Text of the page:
Thunderbird and the American Express Leadership Academy: Plumbing solutions for developing countries
Editor's Note: From May 8-13, 2016, Thunderbird and American Express hosted their annual American Express Leadership Academy at Thunderbird’s Glendale, Arizona main campus. The 30 program participants from 10 different non-profit/non-governmental organizations represented 6 different countries: Kenya, Malawi, Palestine, People’s Republic of China, Uganda and the United States. Forty percent of the participants were from outside the U.S.
Thunderbird’s annual program, launched in 2009 through a partnership with American Express, has now served over 200 managers from nearly 70 organizations. Its goal is to help emerging leaders become more effective leaders for further impact on the NGO’s goals and missions.
“One of the philanthropic goals of American Express is to focus on the development of social sector leaders,” said Thunderbird professor Mary Teagarden, the academy’s academic director. “These participants are on their way to positions of senior leadership.”
This is the second in a series of articles highlighting how three organizations from the 2016 academy experienced its value and impact. Read part one here.
Individual participants aren’t the only ones gaining from the Leadership Academy. Indeed, the companies they work for and managers they work with are also seeing the benefits of participation.
Citizens in developed countries often do not give a second thought about their indoor plumbing, until it stops working. But imagine living in a country where even a basic toilet is considered a luxury and the norm is a plastic bag that is tossed aside when done.
Sanergy, based in Nairobi, Kenya, is out to change that by helping entrepreneurs bring sanitary toilets to remote locations lacking any facilities. Sanergy’s Fresh Life toilet initiative provides a turn-key solution for the entrepreneurial business owner, from toilet facility fabrication and installation, to business services and marketing assistance to generate demand. In addition to entrepreneurs, Sanergy sells to multi-unit landlords, creating an upsell opportunity to potential residents and schools.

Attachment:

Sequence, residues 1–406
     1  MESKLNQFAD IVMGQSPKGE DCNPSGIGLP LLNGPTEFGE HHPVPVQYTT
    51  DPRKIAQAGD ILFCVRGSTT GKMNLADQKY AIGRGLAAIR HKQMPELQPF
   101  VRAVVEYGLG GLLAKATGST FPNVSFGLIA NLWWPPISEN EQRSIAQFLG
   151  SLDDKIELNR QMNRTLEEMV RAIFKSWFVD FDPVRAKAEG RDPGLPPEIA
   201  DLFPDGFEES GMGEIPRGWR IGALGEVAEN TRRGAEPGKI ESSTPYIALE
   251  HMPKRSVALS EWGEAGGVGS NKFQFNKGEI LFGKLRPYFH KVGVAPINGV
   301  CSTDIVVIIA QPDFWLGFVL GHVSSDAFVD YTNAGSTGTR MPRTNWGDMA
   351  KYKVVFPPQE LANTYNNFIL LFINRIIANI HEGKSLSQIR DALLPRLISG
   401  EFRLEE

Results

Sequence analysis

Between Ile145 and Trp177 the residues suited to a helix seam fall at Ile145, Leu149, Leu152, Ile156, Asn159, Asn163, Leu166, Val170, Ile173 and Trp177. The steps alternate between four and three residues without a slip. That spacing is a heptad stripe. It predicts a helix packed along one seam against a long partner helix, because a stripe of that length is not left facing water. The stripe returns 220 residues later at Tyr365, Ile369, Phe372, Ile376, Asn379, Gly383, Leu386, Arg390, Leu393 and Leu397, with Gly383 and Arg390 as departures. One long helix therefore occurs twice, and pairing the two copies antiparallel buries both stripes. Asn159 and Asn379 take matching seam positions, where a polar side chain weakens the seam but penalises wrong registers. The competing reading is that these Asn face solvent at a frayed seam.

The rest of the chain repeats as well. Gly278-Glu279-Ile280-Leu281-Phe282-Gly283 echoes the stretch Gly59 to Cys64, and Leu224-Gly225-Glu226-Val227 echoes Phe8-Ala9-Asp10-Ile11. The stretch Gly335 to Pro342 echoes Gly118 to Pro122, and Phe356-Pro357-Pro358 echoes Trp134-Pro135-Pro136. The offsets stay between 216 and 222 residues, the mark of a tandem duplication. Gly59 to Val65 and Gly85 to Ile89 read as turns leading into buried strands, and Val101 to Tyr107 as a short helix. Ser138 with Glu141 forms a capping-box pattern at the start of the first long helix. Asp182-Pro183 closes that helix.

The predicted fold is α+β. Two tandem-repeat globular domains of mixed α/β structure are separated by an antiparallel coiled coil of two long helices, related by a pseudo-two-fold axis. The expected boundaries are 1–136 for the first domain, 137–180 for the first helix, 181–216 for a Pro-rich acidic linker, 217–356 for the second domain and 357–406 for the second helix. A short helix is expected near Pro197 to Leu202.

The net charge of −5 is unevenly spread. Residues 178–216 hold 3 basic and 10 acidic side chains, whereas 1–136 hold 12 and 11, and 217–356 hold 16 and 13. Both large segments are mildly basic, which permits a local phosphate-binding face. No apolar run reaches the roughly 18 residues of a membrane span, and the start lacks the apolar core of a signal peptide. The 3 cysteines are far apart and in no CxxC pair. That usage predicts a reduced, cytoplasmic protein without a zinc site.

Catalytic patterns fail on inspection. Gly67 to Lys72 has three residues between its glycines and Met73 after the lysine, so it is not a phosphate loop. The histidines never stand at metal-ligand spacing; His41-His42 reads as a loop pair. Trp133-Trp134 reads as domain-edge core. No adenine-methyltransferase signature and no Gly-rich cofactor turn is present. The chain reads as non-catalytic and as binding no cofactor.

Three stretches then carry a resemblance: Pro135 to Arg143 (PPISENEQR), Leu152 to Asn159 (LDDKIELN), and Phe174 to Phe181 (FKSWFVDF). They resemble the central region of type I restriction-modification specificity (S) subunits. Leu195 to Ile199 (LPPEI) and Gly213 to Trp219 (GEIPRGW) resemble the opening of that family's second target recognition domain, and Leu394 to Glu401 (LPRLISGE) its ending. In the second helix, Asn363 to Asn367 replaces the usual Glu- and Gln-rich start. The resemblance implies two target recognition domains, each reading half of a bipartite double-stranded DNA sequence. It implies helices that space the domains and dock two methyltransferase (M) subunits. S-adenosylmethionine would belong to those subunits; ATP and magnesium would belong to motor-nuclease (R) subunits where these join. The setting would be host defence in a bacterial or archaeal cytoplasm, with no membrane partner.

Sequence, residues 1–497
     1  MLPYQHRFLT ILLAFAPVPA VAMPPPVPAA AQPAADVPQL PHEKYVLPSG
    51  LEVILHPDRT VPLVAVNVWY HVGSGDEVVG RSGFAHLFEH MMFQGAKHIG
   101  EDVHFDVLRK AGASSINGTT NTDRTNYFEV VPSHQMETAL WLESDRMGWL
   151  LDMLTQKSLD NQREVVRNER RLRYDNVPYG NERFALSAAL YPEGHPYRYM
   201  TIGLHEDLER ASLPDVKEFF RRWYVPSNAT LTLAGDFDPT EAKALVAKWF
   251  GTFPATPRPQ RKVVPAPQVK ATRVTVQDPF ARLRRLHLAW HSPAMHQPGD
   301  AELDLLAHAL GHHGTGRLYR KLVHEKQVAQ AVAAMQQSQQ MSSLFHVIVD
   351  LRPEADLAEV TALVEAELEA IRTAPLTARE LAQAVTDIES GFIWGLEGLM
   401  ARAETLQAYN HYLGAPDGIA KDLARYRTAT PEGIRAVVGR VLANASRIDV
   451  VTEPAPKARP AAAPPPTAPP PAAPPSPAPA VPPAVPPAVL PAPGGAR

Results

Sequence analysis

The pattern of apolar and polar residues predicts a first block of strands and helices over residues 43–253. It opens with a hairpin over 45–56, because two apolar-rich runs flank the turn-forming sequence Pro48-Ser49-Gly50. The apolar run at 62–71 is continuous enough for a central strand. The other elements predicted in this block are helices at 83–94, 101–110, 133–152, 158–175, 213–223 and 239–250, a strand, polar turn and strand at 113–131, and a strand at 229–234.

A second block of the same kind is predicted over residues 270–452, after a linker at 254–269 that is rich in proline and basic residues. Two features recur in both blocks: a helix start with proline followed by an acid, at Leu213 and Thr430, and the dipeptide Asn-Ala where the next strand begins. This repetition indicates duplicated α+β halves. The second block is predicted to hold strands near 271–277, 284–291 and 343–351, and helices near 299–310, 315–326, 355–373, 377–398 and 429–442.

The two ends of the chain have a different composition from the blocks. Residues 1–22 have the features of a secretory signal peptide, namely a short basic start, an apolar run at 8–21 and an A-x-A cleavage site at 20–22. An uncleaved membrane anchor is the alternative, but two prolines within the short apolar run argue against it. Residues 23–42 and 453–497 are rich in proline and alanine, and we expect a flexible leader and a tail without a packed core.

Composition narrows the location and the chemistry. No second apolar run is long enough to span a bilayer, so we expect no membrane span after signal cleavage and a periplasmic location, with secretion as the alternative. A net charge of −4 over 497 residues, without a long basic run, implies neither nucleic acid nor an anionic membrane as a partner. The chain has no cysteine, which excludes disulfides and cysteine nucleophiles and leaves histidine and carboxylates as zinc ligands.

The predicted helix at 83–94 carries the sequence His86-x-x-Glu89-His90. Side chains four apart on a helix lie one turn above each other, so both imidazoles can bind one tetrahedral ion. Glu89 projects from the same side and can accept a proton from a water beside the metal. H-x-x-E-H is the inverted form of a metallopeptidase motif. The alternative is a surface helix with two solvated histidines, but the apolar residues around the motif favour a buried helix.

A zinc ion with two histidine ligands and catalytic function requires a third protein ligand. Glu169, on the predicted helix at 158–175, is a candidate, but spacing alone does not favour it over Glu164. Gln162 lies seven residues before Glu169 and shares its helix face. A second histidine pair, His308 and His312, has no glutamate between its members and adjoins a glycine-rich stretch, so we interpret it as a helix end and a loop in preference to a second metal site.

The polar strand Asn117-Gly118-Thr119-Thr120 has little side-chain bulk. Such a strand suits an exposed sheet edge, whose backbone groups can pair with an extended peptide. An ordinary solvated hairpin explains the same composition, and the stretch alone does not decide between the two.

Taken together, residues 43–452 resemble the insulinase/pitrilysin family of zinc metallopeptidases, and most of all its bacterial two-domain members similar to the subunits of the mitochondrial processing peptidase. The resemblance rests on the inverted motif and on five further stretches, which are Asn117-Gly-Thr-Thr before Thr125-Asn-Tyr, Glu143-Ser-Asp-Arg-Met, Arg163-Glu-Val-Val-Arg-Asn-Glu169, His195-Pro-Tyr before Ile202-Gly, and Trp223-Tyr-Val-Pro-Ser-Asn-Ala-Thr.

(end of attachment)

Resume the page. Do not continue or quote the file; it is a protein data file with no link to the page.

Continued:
These small-scale, concrete, high-quality, permanent toilet structures offer business owners and residents sanitary facilities on a pay-per-use basis. Pay-per-use is common in Kenya, even though most available facilities are either pit or open toilets common to the less-developed areas of the country. About 40,000 people currently access Sanergy’s network of over 900 toilets.
As a growing non-profit, Sanergy knew it needed to increase its ability to train and support new managers and had this as an organizational priority. So, when a previous participant nominated Sanergy to the American Express Leadership Academy at Thunderbird, the company jumped at the opportunity.
Lindsay Stradley, one of Sanergy’s co-founders, said selecting the participants wasn’t an easy task.
“[It was] hard to choose because you want everyone to have this type of opportunity,” she said. Ultimately, Sanergy founders nominated managers Sarah Atieno, Eric Muchira and Dennis Koome to take part in the academy. “They are each in leadership positions, but are young and without much experience or formal leadership training. They had huge potential, and we wanted to help realize this potential.”
At the academy, Atieno, Muchira and Koome worked on creating a training and support plan for new managers, something Sanergy is focused on as a company priority.
“We wanted to push them to be inclusive leaders, in order to be open to their team members and to inspire these same team members,” Stradley said.
Since returning from the academy, each has taken on new roles in supporting managers by holding monthly manager discussion breakfasts, planning quarterly off-site strategy days and helping define leadership within the organization. The result has been better morale and comradery among the managers.
“Part of what Sarah, Eric and Dennis valued [about the academy experience] was the sense of a cohort and building connections with other inspiring young leaders. In many ways, their experience has helped us replicate this within our diverse workforce,” Stradley said. “At one of the recent breakfasts, we focused on a specific tool [managers] can use with employees...in this instance, career conversations…and how and why these conversations are important to their teams.”
So, was the experience and benefit worth participating in?
“One-hundred percent, without a doubt,” she said. “The American Express Leadership Academy has been life-changing for them in how they relate with their coworkers and direct reports. For example, many of Eric’s team members have only a high school education and are manual laborers. Prior to Eric’s attendance at the Leadership Academy, many of his team were intimidated to give any feedback. But after applying what he learned, Eric now solicits feedback in a way where his team sees he is really listening and is invested in their feedback.”
Due to their success with the academy, Stradley reports they’ve already recommended the academy to another non-profit organization.
“It’s hard to overestimate the value of what they were exposed to and how they were inspired by the cohort they worked with. A lot of the work they’ve done [since returning] and the way they’ve approached it and the success they have had can be tied back to what they learned,” she said. “And we’re all better for it.”